2,500,000 voters have left both the Democrat and Republican Parties.
(If anyone wants to re-start the Federalist Party count me in.)
Thinking people are leaving the two Socialist political parties that play a tag-team game of running this nation into a Marxist, Big Brother gutter. Today there are almost as many independent voters as there are Republicans.
More than 2.5 million voters have left the Democratic and Republican parties since the 2008 elections, while the number of independent voters continues to grow.
A USA TODAY analysis of state voter registration statistics shows:
- Democrats declined in 25 of the 28 states that register voters by party
- Republicans dipped in 21 states
- Independents increased in 18 states
The USA is Alone - Voters want real choices on election day. Certainly that is not asking too much. But the U.S. is alone in the entire world in having a two party system. It is not natural for people to break down perfectly into only two groups. With no real party choices available to them American voters are selecting a non-choice. They call themselves independents.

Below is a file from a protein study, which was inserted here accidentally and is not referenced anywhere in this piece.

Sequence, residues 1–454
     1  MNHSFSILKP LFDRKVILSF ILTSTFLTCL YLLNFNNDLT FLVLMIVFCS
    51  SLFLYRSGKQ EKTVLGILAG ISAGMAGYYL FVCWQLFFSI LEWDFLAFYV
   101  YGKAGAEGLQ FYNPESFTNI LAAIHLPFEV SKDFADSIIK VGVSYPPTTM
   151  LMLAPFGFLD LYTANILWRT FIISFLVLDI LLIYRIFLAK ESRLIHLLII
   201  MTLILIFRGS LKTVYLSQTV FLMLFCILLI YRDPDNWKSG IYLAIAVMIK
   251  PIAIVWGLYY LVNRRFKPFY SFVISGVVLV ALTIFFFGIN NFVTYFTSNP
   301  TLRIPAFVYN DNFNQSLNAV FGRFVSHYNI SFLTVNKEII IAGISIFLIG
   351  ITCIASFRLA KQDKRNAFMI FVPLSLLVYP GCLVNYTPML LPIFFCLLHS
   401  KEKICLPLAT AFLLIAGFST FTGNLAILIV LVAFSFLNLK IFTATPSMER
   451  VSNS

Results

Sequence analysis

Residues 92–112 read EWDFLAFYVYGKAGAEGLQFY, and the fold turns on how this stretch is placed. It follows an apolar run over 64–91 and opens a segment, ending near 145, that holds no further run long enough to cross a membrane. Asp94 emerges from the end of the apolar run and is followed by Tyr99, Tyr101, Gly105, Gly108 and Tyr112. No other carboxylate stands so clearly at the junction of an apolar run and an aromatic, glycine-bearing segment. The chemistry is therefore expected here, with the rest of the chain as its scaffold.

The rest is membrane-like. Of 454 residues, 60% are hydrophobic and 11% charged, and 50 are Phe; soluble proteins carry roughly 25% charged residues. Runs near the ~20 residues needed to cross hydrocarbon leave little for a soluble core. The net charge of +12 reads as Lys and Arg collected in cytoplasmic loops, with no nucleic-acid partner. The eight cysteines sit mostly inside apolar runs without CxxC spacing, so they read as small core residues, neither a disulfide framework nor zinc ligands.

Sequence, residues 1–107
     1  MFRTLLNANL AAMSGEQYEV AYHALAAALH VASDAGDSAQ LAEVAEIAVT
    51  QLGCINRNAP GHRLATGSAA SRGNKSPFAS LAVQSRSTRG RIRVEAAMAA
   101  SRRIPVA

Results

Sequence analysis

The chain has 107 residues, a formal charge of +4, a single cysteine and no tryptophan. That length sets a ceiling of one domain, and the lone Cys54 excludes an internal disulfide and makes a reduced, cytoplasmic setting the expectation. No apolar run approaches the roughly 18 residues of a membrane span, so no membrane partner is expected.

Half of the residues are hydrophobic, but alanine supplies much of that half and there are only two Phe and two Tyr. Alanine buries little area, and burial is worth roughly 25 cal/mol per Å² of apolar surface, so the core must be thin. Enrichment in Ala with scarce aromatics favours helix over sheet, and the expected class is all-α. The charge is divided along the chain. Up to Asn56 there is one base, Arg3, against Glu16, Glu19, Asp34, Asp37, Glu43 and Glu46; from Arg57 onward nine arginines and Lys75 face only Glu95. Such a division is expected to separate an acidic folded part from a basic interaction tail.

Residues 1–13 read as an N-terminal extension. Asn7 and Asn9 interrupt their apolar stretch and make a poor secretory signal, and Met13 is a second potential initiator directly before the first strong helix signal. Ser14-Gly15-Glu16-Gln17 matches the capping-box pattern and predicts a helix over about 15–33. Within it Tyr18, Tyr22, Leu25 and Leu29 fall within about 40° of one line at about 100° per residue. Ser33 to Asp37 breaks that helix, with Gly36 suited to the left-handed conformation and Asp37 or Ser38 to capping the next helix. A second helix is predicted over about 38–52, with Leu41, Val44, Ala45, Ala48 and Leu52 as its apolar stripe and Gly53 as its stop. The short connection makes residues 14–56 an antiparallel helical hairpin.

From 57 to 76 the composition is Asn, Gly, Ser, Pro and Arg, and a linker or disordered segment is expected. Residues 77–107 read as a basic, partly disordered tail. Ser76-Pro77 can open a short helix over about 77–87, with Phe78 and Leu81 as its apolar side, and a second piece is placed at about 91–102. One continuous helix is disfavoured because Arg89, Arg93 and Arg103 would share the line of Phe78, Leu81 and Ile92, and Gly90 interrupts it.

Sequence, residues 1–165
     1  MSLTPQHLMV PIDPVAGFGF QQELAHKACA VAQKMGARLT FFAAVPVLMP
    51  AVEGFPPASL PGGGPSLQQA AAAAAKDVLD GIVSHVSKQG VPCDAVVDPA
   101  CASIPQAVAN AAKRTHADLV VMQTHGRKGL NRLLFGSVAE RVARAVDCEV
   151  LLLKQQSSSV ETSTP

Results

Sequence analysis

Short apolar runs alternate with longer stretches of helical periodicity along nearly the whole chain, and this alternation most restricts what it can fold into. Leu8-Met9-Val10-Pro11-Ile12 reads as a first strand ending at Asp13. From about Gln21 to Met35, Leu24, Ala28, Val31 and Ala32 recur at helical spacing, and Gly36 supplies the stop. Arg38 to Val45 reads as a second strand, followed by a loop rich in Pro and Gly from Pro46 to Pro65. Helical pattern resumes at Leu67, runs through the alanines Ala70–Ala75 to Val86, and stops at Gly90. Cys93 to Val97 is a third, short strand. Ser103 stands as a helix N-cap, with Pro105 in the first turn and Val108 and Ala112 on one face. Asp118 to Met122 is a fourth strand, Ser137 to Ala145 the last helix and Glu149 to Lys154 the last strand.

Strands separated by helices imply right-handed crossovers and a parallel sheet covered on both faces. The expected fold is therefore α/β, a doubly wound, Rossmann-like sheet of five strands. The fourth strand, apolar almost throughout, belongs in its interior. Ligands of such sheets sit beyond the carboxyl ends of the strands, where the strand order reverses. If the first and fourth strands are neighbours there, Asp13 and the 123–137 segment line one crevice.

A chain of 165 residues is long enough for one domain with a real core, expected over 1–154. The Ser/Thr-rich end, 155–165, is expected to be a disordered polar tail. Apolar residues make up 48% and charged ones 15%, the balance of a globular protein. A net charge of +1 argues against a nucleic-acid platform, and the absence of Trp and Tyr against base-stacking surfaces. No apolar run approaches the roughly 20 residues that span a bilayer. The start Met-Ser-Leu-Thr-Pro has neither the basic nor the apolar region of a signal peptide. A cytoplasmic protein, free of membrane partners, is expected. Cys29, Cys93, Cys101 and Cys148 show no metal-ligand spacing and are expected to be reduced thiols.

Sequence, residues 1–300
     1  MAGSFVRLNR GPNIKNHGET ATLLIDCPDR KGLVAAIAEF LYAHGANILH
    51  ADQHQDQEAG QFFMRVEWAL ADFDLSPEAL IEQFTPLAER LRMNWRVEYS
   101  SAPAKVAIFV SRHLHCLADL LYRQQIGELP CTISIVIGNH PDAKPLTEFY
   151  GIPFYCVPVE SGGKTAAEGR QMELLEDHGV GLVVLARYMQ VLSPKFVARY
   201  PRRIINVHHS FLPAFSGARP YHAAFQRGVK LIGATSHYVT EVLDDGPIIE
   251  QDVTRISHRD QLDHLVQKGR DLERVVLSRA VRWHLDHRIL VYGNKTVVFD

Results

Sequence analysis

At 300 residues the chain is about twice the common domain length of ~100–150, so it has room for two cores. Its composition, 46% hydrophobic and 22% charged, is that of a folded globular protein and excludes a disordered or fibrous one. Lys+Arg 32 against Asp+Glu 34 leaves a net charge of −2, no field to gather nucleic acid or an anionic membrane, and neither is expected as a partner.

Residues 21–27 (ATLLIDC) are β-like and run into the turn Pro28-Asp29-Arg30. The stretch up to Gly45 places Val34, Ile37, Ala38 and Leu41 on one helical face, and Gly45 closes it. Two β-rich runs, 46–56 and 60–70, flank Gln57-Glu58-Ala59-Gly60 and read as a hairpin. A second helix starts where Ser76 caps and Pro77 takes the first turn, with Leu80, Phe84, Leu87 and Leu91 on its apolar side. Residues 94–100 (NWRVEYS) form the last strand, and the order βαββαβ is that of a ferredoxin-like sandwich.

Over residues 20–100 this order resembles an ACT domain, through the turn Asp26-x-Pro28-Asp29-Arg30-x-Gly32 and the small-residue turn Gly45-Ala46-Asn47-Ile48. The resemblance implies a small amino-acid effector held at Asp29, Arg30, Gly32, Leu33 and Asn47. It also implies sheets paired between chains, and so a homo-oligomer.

Lovers of Freedom and limited Constitutional government would like it if the GOP actually believed in the small government ideas they give speeches about. Instead we have ended up with two Big Brother parties racing with each other to buy votes with other people's tax money.
The trend to being an independent is acute in swing states that are key to next year's presidential race. In the eight swing states that register voters by party, Democrats' registration is down by 800,000 and Republicans' by 350,000. Independents have gained 325,000.
Registered Democrats still dominate the political playing field with more than 42 million voters, compared to 30 million Republicans and 24 million independents. But Democrats have lost the most — 1.7 million, or 3.9%, from 2008.
Democratic registration has fared worse than Republicans in Colorado, Florida, Iowa, Nevada, New Hampshire, New Mexico, North Carolina and Pennsylvania — the eight swing states with party registration. Republican losses are biggest in Nevada, New Hampshire and Pennsylvania.